We just couldn’t resist posting about this. Was there every a time in your life you needed to really delete data such that it would never be recovered? Ever? Say, you’ve downloaded a ton of MP3s illegally, or you’ve just designed the ultimate weapon of mass destruction. Pretty soon the authorities will be knocking down your door and seizing your equipment.
Don’t you wish you could make like Bart Simpson and say “I didn’t do it. Nobody saw me do it. You can’t prove anything.”
Well, with the Fujitsu Mag EraSURE P2V, you probably can. From Engadget,
Fujitsu … has just released a semi-affordable degausser called the Mag EraSURE P2V that lets you cover your digital tracks by exposing your drives to a powerful, bit-killing magnet. Actually this $13.000 version of the company’s high-end EraSURE P2E is meant not for aiding criminal geniuses, but for enabling security-conscious firms to permanently remove data from hard drives, backup tapes, floppy disks, and the like. Plus, since Fujitsu only promises protection against commercial recovery methods, its probably still best to destroy drives used for illegal activities the old-fashioned way, by tossing them into a wood chipper.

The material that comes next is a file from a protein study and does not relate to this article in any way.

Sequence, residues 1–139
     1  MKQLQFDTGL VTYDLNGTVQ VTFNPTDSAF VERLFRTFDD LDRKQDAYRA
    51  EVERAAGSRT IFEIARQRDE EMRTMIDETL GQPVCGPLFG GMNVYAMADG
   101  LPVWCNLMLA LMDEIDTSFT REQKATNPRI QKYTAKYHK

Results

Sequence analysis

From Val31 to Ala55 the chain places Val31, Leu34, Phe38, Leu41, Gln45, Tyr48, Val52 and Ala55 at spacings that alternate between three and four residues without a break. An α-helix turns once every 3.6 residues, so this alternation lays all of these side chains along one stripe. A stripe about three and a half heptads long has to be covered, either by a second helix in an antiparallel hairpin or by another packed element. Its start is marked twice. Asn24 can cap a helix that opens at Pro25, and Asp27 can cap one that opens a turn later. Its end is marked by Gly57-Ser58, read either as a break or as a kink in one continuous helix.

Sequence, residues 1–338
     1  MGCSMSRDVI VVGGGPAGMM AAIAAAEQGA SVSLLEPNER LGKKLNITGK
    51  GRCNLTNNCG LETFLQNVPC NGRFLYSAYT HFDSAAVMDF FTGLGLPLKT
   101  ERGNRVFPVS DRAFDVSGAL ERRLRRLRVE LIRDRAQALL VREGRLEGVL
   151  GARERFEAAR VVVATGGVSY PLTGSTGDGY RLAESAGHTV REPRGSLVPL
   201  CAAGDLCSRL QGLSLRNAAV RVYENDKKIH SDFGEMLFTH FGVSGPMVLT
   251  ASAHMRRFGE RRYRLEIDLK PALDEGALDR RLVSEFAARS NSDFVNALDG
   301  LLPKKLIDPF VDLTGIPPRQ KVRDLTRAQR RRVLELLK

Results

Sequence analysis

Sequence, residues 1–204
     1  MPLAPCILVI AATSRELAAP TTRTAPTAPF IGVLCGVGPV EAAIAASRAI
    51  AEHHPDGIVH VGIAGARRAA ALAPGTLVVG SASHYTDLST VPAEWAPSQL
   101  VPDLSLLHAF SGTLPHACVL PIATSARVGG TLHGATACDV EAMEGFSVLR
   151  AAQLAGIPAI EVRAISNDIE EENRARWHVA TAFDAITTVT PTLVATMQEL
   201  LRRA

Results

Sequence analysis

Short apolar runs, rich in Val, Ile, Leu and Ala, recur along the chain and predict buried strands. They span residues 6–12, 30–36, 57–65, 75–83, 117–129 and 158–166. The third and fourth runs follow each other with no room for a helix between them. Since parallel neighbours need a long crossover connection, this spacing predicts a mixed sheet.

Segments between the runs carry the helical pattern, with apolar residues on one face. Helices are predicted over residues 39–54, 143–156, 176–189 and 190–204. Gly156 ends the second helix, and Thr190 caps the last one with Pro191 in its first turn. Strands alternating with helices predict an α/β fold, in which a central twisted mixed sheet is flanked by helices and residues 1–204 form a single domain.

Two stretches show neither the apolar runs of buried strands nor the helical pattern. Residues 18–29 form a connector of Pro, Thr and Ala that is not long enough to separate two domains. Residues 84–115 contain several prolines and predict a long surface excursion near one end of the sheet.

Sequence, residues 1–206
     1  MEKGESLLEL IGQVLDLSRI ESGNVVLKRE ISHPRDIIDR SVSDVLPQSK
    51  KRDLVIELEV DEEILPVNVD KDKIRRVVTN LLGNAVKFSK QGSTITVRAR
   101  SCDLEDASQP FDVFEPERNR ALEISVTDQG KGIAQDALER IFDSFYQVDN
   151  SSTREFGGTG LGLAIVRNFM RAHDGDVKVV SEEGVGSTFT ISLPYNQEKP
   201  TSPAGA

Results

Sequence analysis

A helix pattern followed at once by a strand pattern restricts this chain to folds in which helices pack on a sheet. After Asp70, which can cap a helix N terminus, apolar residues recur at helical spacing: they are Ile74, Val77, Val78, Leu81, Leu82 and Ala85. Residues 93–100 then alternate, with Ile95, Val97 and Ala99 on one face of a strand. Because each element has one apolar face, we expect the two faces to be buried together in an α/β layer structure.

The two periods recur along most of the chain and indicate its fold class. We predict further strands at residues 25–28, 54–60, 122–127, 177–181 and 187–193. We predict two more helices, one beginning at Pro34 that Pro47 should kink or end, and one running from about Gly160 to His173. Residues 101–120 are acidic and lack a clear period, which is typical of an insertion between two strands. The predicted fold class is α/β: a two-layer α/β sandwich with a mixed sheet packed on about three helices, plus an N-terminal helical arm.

Okay, so the authorities might have something more sophisticated than simple commercial data-recovery tools. So the best way to destroy your data would be to physically destroy the storage media itself. Better still, it’s probably best if you don’t deal with incriminating data in the first place!
From the Fujitsu press release,
The Fujitsu Mag EraSURE family of products utilizes a rare earth permanent magnet to degauss magnetically recorded information. Data becomes permanently unrecoverable by commercial means once exposed to the powerful magnet in the device. In addition to purging recorded information on the storage device, including servo and calibration data, the degausser
also destroys most read/write heads.
So you’ll be destroying the entire drive itself. Well, it’s probably all right. If you can afford a $13,000 eraser, then you probably can afford to buy a decent-sized hard drive several times over.